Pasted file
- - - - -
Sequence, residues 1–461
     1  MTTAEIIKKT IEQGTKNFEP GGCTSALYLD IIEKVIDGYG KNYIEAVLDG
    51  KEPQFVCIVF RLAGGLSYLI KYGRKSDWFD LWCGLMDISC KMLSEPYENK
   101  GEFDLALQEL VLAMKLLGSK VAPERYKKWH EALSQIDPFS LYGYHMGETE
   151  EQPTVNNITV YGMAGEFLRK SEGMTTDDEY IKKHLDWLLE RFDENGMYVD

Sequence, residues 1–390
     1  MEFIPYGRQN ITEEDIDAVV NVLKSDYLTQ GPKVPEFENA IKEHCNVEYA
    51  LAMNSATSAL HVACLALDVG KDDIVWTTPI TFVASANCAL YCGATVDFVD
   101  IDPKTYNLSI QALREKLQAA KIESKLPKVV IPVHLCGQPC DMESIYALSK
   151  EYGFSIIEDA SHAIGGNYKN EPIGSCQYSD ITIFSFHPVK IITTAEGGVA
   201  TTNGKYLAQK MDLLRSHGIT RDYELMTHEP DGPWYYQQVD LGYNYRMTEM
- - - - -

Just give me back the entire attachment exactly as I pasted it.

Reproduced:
Sequence, residues 1–461
     1  MTTAEIIKKT IEQGTKNFEP GGCTSALYLD IIEKVIDGYG KNYIEAVLDG
    51  KEPQFVCIVF RLAGGLSYLI KYGRKSDWFD LWCGLMDISC KMLSEPYENK
   101  GEFDLALQEL VLAMKLLGSK VAPERYKKWH EALSQIDPFS LYGYHMGETE
   151  EQPTVNNITV YGMAGEFLRK SEGMTTDDEY IKKHLDWLLE RFDENGMYVD

Sequence, residues 1–390
     1  MEFIPYGRQN ITEEDIDAVV NVLKSDYLTQ GPKVPEFENA IKEHCNVEYA
    51  LAMNSATSAL HVACLALDVG KDDIVWTTPI TFVASANCAL YCGATVDFVD
   101  IDPKTYNLSI QALREKLQAA KIESKLPKVV IPVHLCGQPC DMESIYALSK
   151  EYGFSIIEDA SHAIGGNYKN EPIGSCQYSD ITIFSFHPVK IITTAEGGVA
   201  TTNGKYLAQK MDLLRSHGIT RDYELMTHEP DGPWYYQQVD LGYNYRMTEM